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Appearances

Appearances matter, too, and several sections of the Ethics Code include a standard which asks what a reasonable person who knows all the facts would believe about a particular action.

For example, if a reasonable person, having knowledge of the facts, could think that a Covered Individual's judgment is impaired because of 1) a personal or business relationship that is not covered under the financial interests provisions of the Code, or 2) a transaction or activity engaged in by the Covered Individual, then the covered Individual must disclose the relationship, transaction, or activity to the appropriate department head and to the SEEC Executive Director.

In another example, if a reasonable person who has all the facts would think that something of value was given to a City official or employee with intent to give or obtain special consideration or influence official action, then the item must be rejected. (The Ethics Code specifically makes exception to campaign contributions which are solicited or received and reported in accordance with applicable law. See the Elections Code site for those rules.)

  1. I'm a City employee. Does the "appearance" standard in the Ethics Code mean that I can be punished for violating the Code whenever it just looks like I am doing something unethical?

    Answer: No, "appearance to a reasonable person" does not mean that you will get in trouble simply because your action raises concerns in an observer. However, you should keep in mind the taxpayer, ratepayer, competing contractor or other concerned observer when you are making a choice that has to do with your work or the people you work with. Whenever you can, you should make the choice that fosters public trust in your integrity.

    The appearance standard encourages employees to see a situation from another's point of view. Employees should ask, "Could someone else think what I am doing is a violation of the Code?"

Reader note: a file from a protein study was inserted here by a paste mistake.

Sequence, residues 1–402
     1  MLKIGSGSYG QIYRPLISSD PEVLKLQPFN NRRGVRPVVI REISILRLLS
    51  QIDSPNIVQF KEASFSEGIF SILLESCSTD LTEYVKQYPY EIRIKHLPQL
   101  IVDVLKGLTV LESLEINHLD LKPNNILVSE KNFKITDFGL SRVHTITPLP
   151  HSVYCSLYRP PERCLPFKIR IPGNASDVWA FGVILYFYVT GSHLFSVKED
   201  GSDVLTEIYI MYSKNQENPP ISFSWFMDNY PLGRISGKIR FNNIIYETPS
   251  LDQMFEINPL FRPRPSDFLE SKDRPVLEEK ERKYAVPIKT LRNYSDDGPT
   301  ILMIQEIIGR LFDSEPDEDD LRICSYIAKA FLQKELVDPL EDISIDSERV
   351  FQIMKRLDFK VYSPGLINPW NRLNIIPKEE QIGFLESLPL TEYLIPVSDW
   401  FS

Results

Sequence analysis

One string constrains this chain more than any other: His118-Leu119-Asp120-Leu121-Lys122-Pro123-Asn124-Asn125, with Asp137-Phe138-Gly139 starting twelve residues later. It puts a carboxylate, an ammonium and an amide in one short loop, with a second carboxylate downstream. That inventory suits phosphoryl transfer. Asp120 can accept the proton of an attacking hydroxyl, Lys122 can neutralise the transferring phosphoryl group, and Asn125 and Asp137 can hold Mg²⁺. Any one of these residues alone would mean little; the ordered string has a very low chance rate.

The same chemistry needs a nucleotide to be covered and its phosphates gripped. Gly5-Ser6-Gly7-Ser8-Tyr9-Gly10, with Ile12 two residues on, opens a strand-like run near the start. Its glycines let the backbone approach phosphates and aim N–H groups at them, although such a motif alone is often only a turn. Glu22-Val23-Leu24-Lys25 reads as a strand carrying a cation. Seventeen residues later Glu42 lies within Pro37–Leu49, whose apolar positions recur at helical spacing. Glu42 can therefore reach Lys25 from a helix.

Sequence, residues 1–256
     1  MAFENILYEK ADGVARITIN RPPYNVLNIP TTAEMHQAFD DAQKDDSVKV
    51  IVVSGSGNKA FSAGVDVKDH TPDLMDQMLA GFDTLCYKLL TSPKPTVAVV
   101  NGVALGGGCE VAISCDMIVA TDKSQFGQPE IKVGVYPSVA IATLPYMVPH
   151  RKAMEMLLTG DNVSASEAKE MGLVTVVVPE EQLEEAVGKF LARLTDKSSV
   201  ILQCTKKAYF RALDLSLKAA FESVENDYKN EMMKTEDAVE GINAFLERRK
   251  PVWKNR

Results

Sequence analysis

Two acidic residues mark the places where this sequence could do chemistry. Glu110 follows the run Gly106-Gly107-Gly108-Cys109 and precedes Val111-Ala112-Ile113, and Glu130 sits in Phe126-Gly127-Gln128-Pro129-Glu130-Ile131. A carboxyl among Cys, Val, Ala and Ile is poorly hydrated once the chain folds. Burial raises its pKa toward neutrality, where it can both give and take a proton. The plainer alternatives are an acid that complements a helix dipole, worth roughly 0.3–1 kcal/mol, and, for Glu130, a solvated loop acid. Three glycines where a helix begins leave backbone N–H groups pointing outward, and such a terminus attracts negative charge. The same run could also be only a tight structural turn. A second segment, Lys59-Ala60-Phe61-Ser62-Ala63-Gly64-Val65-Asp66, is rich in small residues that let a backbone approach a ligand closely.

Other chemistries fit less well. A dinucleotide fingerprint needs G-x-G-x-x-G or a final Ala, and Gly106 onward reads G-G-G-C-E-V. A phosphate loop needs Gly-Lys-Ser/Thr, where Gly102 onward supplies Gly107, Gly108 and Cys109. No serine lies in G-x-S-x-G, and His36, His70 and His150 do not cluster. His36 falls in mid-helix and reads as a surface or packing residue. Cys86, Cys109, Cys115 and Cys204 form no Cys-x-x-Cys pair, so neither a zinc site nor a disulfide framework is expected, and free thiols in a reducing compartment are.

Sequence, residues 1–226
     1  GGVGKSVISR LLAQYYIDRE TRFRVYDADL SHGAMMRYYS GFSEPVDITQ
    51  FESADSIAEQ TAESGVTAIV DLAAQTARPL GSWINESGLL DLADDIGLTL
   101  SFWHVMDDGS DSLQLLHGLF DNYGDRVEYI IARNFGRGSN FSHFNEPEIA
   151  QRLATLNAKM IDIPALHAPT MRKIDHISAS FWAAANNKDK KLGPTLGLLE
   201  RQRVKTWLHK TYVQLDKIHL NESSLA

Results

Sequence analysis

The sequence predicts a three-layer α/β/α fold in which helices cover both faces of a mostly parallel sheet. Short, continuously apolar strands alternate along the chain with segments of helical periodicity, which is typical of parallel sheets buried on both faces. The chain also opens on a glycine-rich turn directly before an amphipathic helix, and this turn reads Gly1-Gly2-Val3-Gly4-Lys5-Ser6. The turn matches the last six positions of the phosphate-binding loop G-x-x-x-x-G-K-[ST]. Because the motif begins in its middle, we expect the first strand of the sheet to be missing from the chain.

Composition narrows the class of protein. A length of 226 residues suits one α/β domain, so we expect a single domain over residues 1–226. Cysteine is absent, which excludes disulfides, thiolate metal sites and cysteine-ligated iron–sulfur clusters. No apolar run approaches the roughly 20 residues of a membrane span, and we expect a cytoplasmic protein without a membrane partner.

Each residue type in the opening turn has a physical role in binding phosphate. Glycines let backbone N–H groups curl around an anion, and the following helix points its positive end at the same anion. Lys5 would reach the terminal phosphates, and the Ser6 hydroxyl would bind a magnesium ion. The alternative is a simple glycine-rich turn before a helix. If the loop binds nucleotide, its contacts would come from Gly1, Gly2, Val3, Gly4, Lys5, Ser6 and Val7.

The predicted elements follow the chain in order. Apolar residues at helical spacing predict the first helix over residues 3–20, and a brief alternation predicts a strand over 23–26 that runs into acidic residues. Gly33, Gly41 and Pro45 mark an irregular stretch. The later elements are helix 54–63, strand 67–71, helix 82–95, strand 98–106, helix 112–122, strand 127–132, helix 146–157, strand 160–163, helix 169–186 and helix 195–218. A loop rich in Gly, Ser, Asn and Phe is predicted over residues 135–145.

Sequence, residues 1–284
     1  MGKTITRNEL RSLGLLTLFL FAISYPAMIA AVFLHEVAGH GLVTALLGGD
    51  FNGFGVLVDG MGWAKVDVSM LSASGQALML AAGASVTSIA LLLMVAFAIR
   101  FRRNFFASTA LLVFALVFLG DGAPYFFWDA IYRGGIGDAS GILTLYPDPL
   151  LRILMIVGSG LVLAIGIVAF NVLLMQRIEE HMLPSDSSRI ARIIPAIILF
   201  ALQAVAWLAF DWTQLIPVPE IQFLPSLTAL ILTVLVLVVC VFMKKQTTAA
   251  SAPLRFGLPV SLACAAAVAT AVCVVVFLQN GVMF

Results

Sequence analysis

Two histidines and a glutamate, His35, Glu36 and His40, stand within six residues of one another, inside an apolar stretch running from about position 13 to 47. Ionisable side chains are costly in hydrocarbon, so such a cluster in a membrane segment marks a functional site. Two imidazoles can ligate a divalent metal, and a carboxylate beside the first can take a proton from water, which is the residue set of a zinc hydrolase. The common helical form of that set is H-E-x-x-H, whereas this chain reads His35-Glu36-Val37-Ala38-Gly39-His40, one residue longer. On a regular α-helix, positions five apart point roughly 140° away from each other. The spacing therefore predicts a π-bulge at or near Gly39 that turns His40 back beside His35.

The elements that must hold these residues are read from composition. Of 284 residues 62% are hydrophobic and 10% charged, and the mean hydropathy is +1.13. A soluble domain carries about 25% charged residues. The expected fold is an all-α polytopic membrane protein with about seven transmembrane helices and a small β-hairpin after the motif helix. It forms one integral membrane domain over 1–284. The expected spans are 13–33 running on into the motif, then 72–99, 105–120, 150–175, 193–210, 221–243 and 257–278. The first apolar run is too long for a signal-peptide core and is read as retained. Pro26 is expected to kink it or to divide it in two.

Employees, officials, volunteers, and persons on contract to perform work for the City should always be careful not to undercut public confidence in our work. The Ethics Code is the minimum standard. City departments and managers may and often do have more stringent workplace rules and expectations.

  2. I have a close friend that I've traveled with in the past, who wants to compete for a contract that I'll oversee. Does our friendship make me appear too close to him to be able to work on the project?

    Answer: Amendments to the Code in July, 2009 made it no longer necessary to disqualify yourself in every case where there is an appearance that your outside transactions, activities, or relationships might impair your judgment. Instead, the City's value of transparency comes into play.

    If you are not required to disqualify yourself because of a financial interest in the matter (see the FAQs on Financial Interests for more information), then you must disclose in writing to your department head and to the SEEC all the relevant facts, before taking official action, using this Disclosure Form, dowloadable in PDF version or Microsoft Word version, or contact us for assistance.

    After you have put it on the record, you can have a conversation with your supervisors about your situation. Your supervisors can decide that it is best for you not to be involved so that the integrity of the process is not questioned, or your supervisor may decide that management is comfortable with you participating, perhaps subject to some additional management oversight. Either way, what happens is a matter of public record.

See the Ethic Code, SMC 4.16.070, or contact the SEEC for advice.

Last updated August 12, 2010.

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